The best way to prevent fraud is to protect yourself in the first place, but Ostrander admits that’s not always possible.

“Half of the victims of identity theft have no idea how their information was obtained. You don’t know it’s going to happen,” he said. “But the vulnerability comes down to our trust and our reckless online usage.”

The first thing, said Ostrander, is to protect your identification and credit/debit cards. The same goes for cellphones, which increasingly contain vital information about people’s lives.

“It’s not so much the cash they’re going to take out of your bag—it’s your information and identity,” he said.

Shred old driver’s licenses, sensitive mail and other personal documents.

Be creative when developing passwords and PIN numbers. Lock down social media sites so scammers can’t discover details about your life that could unlock account security questions.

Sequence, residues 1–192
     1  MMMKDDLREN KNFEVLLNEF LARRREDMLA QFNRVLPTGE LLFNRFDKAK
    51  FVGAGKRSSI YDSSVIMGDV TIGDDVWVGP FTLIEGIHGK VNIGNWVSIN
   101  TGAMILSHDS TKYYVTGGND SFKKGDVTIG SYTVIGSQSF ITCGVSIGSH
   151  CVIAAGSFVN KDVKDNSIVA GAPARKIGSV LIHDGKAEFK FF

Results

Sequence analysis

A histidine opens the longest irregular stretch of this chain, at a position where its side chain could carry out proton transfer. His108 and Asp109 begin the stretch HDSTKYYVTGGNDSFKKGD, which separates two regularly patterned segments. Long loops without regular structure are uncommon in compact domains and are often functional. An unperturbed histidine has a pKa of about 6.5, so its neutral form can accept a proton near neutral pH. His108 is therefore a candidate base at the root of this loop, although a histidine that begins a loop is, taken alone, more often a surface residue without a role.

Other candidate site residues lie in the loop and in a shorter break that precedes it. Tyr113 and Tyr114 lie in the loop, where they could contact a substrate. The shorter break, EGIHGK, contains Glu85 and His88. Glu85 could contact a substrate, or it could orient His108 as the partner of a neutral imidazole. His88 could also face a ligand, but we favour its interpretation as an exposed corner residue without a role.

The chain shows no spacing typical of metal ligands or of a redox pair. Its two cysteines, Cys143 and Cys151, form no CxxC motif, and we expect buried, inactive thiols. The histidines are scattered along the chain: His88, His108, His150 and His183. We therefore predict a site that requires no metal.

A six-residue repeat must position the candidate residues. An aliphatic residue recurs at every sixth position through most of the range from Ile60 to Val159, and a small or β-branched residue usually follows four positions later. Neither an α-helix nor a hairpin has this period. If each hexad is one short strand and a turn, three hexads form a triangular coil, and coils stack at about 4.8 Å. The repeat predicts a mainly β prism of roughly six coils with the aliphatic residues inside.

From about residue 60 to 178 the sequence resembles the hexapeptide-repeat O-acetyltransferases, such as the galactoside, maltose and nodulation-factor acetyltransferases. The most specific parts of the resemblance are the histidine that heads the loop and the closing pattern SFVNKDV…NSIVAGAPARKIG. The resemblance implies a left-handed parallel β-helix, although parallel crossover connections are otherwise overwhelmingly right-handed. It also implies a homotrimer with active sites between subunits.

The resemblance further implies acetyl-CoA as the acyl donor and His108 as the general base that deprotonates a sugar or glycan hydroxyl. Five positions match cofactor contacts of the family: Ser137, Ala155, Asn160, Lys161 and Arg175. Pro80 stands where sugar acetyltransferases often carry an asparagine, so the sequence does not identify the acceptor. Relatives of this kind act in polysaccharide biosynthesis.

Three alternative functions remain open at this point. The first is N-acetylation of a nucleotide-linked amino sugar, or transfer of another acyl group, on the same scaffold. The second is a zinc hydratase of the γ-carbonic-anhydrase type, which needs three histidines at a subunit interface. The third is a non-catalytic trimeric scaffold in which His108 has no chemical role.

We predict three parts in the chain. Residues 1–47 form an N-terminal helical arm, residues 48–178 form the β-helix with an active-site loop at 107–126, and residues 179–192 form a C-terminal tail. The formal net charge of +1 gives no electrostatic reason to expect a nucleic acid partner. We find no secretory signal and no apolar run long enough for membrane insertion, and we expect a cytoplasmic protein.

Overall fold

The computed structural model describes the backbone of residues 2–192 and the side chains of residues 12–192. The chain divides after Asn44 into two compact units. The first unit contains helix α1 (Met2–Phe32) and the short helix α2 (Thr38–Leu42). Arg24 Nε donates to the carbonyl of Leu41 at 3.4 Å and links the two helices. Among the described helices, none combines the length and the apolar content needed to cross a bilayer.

Monitor your bank accounts and credit usage for unusual purchases.

“Usually, when a card has been compromised, what we see are the first transactions are $1 to $5,” Ostrander explained. “They’re testing the waters. If that clears, now they’re going to step up their game and take more money.”

Don’t engage with questionable emails or phone calls. Do your own research on companies, and contact them directly if you have questions; don’t take a phone number from the scammer. If it’s something legitimate, said Ostrander, you will be contacted in a calm, professional manner.

“If you’re not actively looking for it, just hang up,” he said. “If it’s too good to be true, it’s too good to be true. Nobody’s going to give you free money. “

Use good common sense and remain vigilant, stressed Ostrander.

“It makes us vulnerable because we trust too many people,” he said, and people think fraud will never happen to them. “Trust, but verify. Do your own homework and protect what’s yours.”